When Jang Hye-yeong was 13 the strain of caring for her disabled sister tore her family apart.
Her autistic sibling was placed in a care home for almost two decades, while another sister was sent away to a boarding school, and her mother left the family.
The experience turned Jang into a disability campaigner -- and singer-songwriter and YouTuber to boot -- who was elected to parliament in April as one of South Korea's youngest MPs, aged just 33.
Jang stands out in a legislature where 83 percent of MPs are over 50 and only 19 percent are women -- a figure that would place the South at 116th in the latest Inter-Parliamentary Union global ranking.
Now she is taking on the country's deep-seated patriarchy and religious conservatism -- including powerful megachurches that condemn homosexuality -- by drawing up a new anti-discrimination bill.
It would ban favouritism based on sex, race, age, sexual orientation, disability or religion as well as several more unusual criteria such as criminal history, appearance and academic background.
However, over the past 13 years six attempts to pass broad anti-discrimination laws in South Korea have all failed.
"For a long time, parliament has existed as an institution made up of middle-aged, able-bodied men," Jang said.
- 'Very natural' -
Despite its economic advances, South Korea remains socially conservative and Human Rights Watch says discrimination against women and minorities is widespread.
Jang said her family suffered; as well as autism, her sister has intellectual disability -- conditions some blamed when they were growing up on their mother's supposed "sins".
The mother struggled to cope and received limited help from the government or community, and eventually the disabled sister was placed in an institution where Jang alleges residents were mistreated.
Soon afterwards their mother left the family and her father sent Jang to live with her grandparents.
"When I realised my mother had left, I was very sad, but on the other hand, I also thought it was a very understandable decision," Jang told AFP in an interview.
Her mother's experiences, and those of her sister and herself, made feminist campaigning "very natural" to her, she added.
In 2011 she dropped out of the prestigious Yonsei University -- an unconventional decision in a competitive society where college degrees often define lives.
Then, 18 years after the family split up, Jang took her disabled sister out of the care facility to look after her herself.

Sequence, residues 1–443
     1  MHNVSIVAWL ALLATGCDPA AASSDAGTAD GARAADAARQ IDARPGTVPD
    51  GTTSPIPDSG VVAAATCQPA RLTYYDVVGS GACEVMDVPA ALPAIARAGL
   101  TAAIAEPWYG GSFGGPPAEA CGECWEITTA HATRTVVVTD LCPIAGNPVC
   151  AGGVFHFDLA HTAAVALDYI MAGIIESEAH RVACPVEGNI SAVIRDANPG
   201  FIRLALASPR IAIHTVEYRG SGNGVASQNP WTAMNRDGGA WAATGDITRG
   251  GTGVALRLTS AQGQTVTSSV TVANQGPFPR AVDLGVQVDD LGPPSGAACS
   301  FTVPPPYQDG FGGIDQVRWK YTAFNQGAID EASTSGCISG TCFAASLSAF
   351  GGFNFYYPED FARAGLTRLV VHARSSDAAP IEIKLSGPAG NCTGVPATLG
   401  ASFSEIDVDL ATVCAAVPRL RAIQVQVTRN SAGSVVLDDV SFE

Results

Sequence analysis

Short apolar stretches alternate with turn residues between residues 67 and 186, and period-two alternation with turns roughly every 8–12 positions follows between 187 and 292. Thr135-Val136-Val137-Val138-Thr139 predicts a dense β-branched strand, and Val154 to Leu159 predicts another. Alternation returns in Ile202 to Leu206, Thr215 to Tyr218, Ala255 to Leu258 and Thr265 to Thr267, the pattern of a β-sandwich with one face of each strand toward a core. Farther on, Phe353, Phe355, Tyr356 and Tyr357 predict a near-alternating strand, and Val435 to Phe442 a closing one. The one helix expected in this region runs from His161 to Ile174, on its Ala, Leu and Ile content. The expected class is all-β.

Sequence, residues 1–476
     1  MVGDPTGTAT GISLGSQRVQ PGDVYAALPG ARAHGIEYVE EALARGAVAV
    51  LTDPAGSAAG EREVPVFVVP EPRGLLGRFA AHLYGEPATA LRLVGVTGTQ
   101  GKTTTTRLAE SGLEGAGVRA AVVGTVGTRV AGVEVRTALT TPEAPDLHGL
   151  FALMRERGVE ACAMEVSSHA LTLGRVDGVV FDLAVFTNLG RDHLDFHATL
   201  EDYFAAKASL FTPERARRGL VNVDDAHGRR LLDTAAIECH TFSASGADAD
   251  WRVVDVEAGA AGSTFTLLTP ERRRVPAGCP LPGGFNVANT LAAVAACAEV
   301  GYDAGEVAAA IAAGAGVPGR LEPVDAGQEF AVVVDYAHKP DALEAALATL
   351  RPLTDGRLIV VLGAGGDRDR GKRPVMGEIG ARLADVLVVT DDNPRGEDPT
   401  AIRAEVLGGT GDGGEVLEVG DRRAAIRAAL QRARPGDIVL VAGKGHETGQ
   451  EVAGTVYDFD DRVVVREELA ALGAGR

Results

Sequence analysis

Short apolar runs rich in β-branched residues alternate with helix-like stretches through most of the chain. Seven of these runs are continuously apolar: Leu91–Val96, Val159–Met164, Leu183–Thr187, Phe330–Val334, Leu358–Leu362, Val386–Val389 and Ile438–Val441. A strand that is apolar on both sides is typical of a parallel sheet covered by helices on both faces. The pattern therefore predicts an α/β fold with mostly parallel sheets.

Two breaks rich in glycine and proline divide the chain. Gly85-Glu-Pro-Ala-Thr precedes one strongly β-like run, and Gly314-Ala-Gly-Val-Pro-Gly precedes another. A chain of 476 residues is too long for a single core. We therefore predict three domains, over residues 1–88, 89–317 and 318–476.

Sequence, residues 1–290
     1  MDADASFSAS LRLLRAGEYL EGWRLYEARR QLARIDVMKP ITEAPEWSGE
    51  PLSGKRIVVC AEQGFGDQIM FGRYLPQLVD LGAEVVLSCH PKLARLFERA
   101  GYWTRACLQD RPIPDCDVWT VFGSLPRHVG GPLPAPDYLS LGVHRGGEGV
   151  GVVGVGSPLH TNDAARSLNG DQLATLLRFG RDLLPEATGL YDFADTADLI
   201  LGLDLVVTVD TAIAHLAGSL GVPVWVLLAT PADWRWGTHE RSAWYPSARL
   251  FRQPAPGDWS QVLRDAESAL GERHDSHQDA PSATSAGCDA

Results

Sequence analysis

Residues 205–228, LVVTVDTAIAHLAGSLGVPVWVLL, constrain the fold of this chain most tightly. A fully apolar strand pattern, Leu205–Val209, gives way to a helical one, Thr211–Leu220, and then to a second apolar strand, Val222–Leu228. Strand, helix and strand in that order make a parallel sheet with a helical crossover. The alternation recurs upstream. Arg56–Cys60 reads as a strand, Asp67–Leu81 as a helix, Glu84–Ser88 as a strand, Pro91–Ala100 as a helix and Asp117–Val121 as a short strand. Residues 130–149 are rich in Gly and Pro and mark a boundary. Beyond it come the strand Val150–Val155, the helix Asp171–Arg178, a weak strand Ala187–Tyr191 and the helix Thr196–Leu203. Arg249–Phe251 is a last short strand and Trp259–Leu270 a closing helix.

Jang's 2018 documentary "Grown Up" follows their first months living together again, and on YouTube Jang has consistently called for people with disabilities to live in the community.
Last year Jang joined the left-wing Justice Party and in April this year was among six MPs from the group elected to parliament in a vote that President Moon Jae-in's Democratic Party won by a landslide.
But Jang's bill will struggle to become law.
- 'It's a sin' -
Religious beliefs hold much sway in South Korea, where churches remain an important political space and many evangelicals oppose gay rights.
Pastor Kim Kyou-ho, who leads the campaign group Counter Measure Committee for Homosexuality Problems, insists the Bible says homosexuality is a "sin".
"If anti-gay people's human rights and freedom of speech are violated in the process of protecting the human rights of sexual minorities, we cannot call this democracy," Kim said.
About 40 percent of the country's parliament is Protestant, according to the United Christian Churches of Korea, and few politicians are willing to challenge the religious lobby.
Of 10 MPs who signed Jang's bill last month, only two are from the left-leaning Democratic Party, whose support is crucial.
Activists say the Democrats have failed women, with three party heavyweights currently accused of sexual misconduct, including Seoul mayor Park Won-soon, who took his own life earlier this month.
Jang was one of two female lawmakers who declared they would not attend Park's government-run funeral, and instead called on officials to take action against sexism.
Moon, a former human rights lawyer who once pledged to be a feminist leader, supported an anti-discrimination bill during his ill-fated 2012 presidential run.
But during his successful 2017 campaign he said he "opposed" homosexuality and that "social consensus" was needed before legalising same-sex marriage.
Jang, though, insisted rights issues could not wait.
"The essence of politics lies in making choices, and taking responsibility for your actions and words," she said.